"Let's be clear, and I want to make clear that I'm clear on this." (ap photo)

While the rest of the Af-Pak universe has a collective thrombosis over the release of more than 90,000 pages of secret documents on the war in Afghanistan, the White House is all side-eye and shrugs.

In a weird bit of communications Twister(tm), the administration is saying both that the release of the documents harms national security -- and also that the contents of the documents were mostly well-known and not a big deal.

"We don't exactly have a cloistered evaluation of our policy in Afghanistan and Pakistan," said White House press secretary Robert Gibbs. "That's not the way we've operated."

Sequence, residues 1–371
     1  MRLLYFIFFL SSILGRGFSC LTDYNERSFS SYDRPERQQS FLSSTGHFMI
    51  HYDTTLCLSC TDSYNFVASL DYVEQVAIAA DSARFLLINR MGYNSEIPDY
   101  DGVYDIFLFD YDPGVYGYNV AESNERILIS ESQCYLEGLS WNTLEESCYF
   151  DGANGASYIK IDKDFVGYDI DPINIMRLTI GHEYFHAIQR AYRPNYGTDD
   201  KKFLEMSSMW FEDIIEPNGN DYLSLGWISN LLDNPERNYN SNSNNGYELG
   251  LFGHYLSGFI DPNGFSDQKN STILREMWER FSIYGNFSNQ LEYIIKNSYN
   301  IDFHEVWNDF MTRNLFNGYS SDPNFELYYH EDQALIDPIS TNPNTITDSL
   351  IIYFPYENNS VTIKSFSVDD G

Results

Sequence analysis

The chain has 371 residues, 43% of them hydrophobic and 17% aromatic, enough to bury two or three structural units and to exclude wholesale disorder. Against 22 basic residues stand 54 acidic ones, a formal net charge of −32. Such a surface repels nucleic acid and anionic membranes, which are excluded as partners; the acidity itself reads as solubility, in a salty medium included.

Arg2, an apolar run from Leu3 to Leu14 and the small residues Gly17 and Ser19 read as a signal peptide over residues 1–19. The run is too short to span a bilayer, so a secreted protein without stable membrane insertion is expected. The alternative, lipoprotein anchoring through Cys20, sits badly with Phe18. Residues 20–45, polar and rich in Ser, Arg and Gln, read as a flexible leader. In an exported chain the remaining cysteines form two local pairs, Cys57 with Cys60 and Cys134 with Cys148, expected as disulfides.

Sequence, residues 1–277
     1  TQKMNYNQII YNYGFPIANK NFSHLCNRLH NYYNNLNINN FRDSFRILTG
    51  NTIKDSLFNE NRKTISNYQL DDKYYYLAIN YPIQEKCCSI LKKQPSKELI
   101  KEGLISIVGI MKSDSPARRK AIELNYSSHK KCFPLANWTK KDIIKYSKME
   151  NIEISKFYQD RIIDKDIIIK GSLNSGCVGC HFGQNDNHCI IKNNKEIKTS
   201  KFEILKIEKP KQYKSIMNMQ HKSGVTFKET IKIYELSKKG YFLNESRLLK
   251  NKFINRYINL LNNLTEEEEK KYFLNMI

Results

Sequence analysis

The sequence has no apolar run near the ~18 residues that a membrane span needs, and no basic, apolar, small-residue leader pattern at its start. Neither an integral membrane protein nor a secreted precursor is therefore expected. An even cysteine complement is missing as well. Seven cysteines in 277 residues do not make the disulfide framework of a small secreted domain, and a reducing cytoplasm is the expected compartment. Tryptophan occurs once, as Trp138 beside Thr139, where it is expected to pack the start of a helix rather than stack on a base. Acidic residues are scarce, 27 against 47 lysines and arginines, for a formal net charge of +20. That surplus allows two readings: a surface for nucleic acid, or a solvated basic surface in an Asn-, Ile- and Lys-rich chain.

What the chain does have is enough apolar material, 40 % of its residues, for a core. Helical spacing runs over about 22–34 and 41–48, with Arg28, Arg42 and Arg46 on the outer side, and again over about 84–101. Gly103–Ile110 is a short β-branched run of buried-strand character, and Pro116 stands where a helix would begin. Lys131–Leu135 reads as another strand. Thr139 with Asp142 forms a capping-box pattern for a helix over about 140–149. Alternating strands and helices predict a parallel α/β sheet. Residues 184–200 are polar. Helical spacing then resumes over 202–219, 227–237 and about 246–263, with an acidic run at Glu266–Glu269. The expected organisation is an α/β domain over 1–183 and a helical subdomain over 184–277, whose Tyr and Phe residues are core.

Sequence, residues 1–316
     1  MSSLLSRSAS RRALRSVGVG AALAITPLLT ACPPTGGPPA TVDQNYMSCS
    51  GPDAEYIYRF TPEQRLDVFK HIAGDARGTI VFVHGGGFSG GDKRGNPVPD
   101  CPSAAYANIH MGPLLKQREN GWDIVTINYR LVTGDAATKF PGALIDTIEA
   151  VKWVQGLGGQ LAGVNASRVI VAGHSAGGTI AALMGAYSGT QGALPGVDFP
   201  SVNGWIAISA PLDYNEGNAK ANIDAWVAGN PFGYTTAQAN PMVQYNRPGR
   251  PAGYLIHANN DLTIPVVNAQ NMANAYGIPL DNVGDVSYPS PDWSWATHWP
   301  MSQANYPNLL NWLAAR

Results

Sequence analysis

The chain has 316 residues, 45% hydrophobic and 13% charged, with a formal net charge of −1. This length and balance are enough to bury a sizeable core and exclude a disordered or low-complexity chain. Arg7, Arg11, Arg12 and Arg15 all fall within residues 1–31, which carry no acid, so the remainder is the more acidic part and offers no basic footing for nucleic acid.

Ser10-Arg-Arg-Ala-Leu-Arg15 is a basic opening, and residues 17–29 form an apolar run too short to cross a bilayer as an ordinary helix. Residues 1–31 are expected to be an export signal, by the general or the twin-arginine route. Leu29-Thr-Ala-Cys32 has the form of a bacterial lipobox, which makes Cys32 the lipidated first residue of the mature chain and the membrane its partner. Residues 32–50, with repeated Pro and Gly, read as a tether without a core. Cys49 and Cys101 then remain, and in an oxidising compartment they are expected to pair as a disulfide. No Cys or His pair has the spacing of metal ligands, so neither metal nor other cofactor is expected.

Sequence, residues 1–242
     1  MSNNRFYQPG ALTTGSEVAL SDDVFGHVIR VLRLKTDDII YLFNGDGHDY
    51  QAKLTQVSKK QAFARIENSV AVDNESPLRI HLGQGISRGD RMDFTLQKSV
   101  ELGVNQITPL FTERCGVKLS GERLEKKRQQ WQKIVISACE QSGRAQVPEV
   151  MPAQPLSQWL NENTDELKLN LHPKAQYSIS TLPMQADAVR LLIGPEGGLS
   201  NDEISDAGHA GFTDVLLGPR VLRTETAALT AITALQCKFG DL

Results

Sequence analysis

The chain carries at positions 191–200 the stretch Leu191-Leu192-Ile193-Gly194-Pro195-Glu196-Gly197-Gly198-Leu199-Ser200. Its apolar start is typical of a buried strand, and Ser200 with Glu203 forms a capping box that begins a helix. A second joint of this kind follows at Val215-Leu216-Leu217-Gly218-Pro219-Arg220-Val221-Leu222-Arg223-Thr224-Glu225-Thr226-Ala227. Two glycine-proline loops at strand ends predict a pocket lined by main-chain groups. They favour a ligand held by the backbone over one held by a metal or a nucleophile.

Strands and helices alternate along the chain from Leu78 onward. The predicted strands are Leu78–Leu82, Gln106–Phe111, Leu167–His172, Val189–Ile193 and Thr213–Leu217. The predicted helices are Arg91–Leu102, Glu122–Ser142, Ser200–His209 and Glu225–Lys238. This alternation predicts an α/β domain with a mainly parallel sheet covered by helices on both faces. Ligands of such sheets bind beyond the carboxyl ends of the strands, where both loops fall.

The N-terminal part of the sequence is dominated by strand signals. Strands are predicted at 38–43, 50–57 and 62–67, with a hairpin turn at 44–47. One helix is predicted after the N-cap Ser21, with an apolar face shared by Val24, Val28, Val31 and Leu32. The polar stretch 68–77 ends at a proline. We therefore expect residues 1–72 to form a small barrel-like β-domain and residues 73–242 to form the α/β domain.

"Based on the fact that there's no broad revelations in this, our concern isn't that people might know that we're concerned about safe havens in Pakistan or that we're concerned, as we are, about civilian casualties," Gibbs said. "Loard, all you need is a laptop and a mouse to figure that out, or 50 cents or $1.50 depending on which newspaper you buy." (or free, if you are picking up the Examiner! -- JM)

"But what generally governs the classification of these documents are names, operations, personnel, people that are cooperating, all of which, if it's compromised, has a compromising effect on our security," he said.

The White House had hoped to talk about other things this week -- financial regulation! The economy! Anything. It will be worth watching to see if this effort to kill Wikileak with indifference is effective.